Anti-sGC antibodies were purchased from Cayman Chemical (Ann Arbor, MI) or Sigma. Anti-hemagglutinin (HA), anti-Myc, anti-FLAG, and anti-β actin antibodies were purchased from Sigma. Anti-glutathione S-transferase (GST) was from Amersham Biosciences. Anti-ubiquitin was purchased from Covance. Anti-CHIP antibody was from ABR. Anti-HSP90 and anti-HSP70 antibodies were obtained from Stressgen. GA, cycloheximide (CHX), and MG-132 were purchased from Sigma. Bicinchoninic acid (BCA) protein assay was purchased from Pierce (Rockford, IL). The GST cloning vector pGEX-4T-l and glutathione-Sepharose 4B were purchased from Amersham Pharmacia Biotech. Protein A/G agarose came from Santa Cruz Biotechnology, and SuperSignal chemiluminescence substrate came from Pierce. Ubiquitin, ubiquitin-activating enzyme (E1), and UbcH5a were from Boston Biochem. Plasmids containing the cDNAs for the human sGC α1- and β1-subunits were constructed as previously described (18). The cDNA for HA-ubiquitin was a gift from Dr. Pietro DeCamilli (Yale University).
Cell culture and transient transfection.
COS-7 cells were obtained from the American Type Culture Collection and were cultured in DMEM supplemented with 10% fetal bovine serum. COS-7 cells were transiently transfected with various expression plasmids by using Lipofectamine 2000 (Invitrogen), according to manufacturer's instructions. In-house-harvested rat aortic smooth muscle cells (RASMC) were used during passages 2–4 as described previously (25). Cultures were maintained in DMEM plus F-12 that contained 10% fetal bovine serum, 500 IU/ml penicillin, and 500 μg/ml streptomycin. Transfection of RASMC was done by using engineered adenovirus containing wild-type or mutant CHIP gene (produced at the University of North Carolina Gene Therapy Vector Core Lab).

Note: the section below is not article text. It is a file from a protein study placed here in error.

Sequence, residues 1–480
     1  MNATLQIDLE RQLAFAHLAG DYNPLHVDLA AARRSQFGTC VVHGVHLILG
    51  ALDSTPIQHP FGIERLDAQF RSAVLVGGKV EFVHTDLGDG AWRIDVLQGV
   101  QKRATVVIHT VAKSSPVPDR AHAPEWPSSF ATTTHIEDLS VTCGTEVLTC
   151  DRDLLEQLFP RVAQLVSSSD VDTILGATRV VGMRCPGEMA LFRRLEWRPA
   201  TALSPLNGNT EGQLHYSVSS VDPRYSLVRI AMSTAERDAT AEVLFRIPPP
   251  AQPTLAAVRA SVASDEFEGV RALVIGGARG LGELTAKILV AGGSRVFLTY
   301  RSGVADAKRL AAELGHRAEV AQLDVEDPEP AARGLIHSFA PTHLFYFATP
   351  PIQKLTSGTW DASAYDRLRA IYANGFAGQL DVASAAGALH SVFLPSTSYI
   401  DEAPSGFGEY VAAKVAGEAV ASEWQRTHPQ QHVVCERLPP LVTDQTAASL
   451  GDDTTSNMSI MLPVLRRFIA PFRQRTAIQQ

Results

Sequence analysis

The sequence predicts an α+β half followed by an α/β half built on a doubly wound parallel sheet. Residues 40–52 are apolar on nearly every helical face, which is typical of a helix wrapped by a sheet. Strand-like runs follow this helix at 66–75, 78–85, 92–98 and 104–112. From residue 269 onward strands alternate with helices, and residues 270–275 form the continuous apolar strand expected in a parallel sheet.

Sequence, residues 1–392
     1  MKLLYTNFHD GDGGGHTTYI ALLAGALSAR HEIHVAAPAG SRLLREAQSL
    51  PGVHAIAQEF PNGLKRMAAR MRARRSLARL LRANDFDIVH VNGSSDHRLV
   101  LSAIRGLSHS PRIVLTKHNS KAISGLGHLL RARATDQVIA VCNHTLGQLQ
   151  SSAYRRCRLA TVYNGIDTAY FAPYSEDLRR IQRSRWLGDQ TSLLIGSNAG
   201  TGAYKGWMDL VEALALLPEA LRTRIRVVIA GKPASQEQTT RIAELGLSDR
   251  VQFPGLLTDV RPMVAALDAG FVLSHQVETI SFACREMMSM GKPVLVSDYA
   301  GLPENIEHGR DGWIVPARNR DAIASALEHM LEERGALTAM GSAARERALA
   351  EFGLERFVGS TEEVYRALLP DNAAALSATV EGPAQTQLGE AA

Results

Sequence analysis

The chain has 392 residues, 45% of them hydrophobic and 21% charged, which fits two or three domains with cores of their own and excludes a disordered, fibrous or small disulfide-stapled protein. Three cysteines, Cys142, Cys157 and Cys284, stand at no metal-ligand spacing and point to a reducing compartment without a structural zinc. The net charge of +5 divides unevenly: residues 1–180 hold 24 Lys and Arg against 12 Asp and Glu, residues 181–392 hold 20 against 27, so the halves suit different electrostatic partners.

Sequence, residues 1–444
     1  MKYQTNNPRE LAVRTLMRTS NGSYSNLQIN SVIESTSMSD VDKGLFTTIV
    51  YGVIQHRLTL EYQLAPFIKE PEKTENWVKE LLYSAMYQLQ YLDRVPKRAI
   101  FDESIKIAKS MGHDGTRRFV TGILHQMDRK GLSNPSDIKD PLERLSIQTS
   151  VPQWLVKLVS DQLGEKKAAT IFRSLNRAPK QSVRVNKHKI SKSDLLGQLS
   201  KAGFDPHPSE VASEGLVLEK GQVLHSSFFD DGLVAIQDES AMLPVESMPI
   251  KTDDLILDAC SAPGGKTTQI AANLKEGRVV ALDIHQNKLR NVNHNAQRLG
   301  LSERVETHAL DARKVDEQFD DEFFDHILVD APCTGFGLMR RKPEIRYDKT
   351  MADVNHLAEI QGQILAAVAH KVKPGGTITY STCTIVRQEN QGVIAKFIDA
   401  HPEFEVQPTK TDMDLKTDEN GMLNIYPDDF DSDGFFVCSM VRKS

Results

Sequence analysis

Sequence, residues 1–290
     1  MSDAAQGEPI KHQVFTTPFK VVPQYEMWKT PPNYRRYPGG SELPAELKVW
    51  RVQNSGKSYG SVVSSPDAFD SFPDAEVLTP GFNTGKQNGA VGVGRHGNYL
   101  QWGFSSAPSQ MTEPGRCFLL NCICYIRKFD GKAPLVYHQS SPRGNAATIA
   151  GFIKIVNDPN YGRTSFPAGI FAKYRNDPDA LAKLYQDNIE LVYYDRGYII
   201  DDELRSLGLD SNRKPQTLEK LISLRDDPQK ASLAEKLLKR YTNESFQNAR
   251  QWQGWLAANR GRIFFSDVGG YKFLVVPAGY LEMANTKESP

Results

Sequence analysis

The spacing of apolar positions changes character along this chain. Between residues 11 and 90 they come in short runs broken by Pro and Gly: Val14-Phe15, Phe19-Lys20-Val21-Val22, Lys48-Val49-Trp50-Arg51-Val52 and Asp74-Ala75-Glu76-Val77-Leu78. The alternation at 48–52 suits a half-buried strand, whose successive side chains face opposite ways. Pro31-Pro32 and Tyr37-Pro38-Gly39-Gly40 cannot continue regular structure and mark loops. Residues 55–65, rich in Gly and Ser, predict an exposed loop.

SDS-PAGE, Western blotting, and immunoprecipitation.
Cells grown on six-well plates were harvested 24–48 h after transfection, washed three times with ice-cold PBS, and lysed with RIPA buffer (50 mM Tris·HCl, pH 7.4, 1% Igepal CA-630, 0.25% Na-deoxycholate, 150 mM NaCl, 1 mM EDTA) supplemented with protease inhibitor cocktail (Calbiochem). Cell lysates were clarified by centrifugation at 14,000 rpm for 15 min at 4°C, and protein concentration was determined with the BCA protein assay kit (Pierce). In some experiments, proteins in the pellet were recovered by boiling in SDS loading buffer. Proteins were resolved by SDS/PAGE, transferred to nitrocellulose membranes (Bio-Rad), and probed with appropriate antibodies. Immunoreactive bands were visualized with the chemiluminescence reagent Immobilon (Millipore). Immunoprecipitation was done after preclearing the cell lysates (300 μg) with mouse or rabbit IgG (Santa Cruz) and protein A/G agarose beads (20 μl) for 1 h at 4°C, then appropriate antibodies (1 μg) were added into the supernatant and samples were incubated overnight at 4°C. Fifty microliters of protein A/G agarose beads were added into the samples and were rotated for 1 h. Immunoprecipitated proteins bound to the agarose beads were transferred to spin filters (Microfilter) and were washed four times with RIPA buffer. Proteins were eluted from the beads by incubating with SDS sample buffer at room temperature and were analyzed by Western blotting. Optical densities of bands were estimated with ImageJ.
Pulse-chase analysis with CHX.
COS-7 cells were transiently transfected with various expression plasmids, as described in Cell culture and transient transfection. Twenty-four hours after transfection, CHX (50 μg/ml) was added and cells were incubated for various times. Cell lysates were then subjected to SDS-PAGE and immunoblotting analysis with antibodies to Myc or β-actin.
Expression and purification of GST-sGCα1 and GS-sGCβ1.
Rat sGC α1- and β1-subunit cDNA were subcloned into the GST fusion protein cloning vector pGEX-4T-1. Fusion GST-sGCα1 and GST-sGCβ1 proteins were expressed in Escherichia coli and were purified by affinity binding to glutathione-Sepharose beads as previously described (25).